Thursday, 27 November 2014


A while ago I wrote about people claiming their "First E-whatever!" whilst actually failing on standard mid-grade routes, or rather pre-failing by not even trying to climb the route, instead avoiding it by headpointing / top-roping. I actually seemed to get some hysterical bleating in response, well at least I think I did, I gave up reading when there was the first whiff of the usual "but people can do what they want" waffle. Strange how some people put the effort in to get their knickers in a twist about something so common sensical, but then don't bother making any other comments on the positive stuff I write about Scottish climbs and scenery (at least a couple of people have noticed I post that too)... All very Daily Mail reader, but perhaps not so surprising. What was surprising was a friend who said he appreciated that particular blog as it made him think a bit about his climbing and his current temptation to headpoint a few routes, and that maybe he could resist that temptation for a while and find other ways to progress with his climbing.

Which got me thinking - I'd posted about the failure of headpointing mid-grade trade routes (which both posts apply to, NOT to new routes, cutting edge routes, esoteric early repeats etc), but not about how to avoid that failure, avoid that temptation in the first place - THAT could be something useful. So, some ideas on how not to pre-fail:

Firstly, the main reason for pre-failing:

"I think this route is too hard for me to climb now"
(Therefore I won't try to, I'll avoid climbing it by top-roping etc etc)

I'm sure most other reasons will boil down to that. In particular the kneejerk counter of "But it's just what they want to do" is immediately counter-countered by considering why one would "want" to headpoint etc: Because it's personally preferable to onsighting that route. Why? Because there must be something about the onsight that makes it less preferable, and that's almost certainly *some* difficulty with the onsight, meaning: "I think this route is too hard for me to climb now".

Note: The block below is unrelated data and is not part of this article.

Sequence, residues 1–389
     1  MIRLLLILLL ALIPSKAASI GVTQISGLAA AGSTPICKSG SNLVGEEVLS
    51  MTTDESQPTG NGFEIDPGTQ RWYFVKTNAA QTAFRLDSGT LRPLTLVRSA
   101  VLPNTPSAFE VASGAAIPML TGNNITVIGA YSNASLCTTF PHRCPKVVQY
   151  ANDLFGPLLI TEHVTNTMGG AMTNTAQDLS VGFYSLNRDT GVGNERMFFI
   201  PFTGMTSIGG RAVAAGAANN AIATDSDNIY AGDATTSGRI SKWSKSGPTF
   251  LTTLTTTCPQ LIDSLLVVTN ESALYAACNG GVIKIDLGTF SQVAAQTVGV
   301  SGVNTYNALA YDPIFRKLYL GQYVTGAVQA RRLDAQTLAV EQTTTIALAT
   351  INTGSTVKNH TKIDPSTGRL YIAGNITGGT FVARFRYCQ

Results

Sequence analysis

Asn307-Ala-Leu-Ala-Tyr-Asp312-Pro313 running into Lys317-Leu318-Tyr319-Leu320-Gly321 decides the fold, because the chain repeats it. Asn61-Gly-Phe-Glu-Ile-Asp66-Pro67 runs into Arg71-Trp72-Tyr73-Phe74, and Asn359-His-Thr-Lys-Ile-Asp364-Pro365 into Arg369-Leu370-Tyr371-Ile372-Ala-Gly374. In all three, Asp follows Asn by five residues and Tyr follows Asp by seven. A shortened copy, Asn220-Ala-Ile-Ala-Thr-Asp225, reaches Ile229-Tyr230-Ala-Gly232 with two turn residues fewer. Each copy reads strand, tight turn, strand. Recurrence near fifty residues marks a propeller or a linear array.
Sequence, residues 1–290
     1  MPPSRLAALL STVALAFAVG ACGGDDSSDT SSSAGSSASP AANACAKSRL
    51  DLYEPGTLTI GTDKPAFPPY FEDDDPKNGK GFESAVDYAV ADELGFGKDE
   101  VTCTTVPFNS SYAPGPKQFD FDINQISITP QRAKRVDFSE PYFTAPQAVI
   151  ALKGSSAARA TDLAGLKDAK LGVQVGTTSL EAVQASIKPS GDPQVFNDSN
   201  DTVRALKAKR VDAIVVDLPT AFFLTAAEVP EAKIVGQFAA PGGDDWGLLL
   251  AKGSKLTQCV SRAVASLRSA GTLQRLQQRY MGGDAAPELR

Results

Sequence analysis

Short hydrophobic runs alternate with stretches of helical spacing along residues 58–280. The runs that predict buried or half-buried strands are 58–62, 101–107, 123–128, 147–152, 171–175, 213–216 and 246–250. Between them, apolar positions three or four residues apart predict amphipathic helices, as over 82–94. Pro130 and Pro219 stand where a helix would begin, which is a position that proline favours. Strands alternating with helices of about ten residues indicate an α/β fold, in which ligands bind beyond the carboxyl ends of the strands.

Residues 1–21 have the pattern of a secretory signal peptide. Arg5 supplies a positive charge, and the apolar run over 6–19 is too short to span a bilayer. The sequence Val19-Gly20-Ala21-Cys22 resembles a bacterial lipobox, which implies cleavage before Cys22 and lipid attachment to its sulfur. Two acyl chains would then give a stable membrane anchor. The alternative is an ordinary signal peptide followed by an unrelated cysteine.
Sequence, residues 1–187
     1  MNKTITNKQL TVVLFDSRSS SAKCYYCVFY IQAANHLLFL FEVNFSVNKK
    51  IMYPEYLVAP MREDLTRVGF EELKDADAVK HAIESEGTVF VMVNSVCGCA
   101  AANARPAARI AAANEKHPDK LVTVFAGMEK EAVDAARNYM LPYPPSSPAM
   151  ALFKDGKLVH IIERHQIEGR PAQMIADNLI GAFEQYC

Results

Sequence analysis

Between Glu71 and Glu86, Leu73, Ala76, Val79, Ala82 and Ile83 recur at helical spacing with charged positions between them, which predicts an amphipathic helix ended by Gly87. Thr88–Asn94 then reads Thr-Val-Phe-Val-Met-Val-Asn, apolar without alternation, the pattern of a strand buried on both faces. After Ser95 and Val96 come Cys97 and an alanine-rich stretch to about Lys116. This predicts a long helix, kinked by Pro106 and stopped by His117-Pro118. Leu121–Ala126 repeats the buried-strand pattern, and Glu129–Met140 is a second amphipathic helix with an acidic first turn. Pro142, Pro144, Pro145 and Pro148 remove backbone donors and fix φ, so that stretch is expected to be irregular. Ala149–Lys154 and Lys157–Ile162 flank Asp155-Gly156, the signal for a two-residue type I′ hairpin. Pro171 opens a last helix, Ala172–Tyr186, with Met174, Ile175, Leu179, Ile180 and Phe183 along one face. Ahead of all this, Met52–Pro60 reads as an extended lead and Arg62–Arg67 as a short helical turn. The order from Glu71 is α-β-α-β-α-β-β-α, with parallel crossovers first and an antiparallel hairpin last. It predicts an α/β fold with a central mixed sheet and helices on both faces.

So taking that reason, one can break it down into overlapping constituent issues:

"I think" - perception / information.

"this route is too hard for me" - difficulty / ability.

"right now" - current situation.

And try some suggestions how to overcome those issues:

1. Gather as much information as possible.
No necessarily enough to spoil the experience, although a beta-flash is still a good effort. Sometimes the guidebook info is well researched and you can rely on it to know the route's challenge, but not always. If there is any doubt then check forums, ask for general information, speak to people who have done it. Find out the sort of information that would make an accurate guidebook description.

2. Inspect the route from as many natural angles as you can.
I.e. gather as much of your own information as possible. Look from the sides, look from the top, do adjacent routes. If there are sections that put you off onsighting, see if you can get a better look under your own steam. 

3. Get your partner to abseil down, clean and check it.
If the route really needs checked out or cleaned, then get your mate to do it (assuming they don't want to do the same route!). It's that simple! They can give it a thorough scrub and make sure the information is accurate. In all 3 information gathering options, the route will still have some essential mystery but there could be crucial hints so you KNOW rather than THINK about it's difficulty.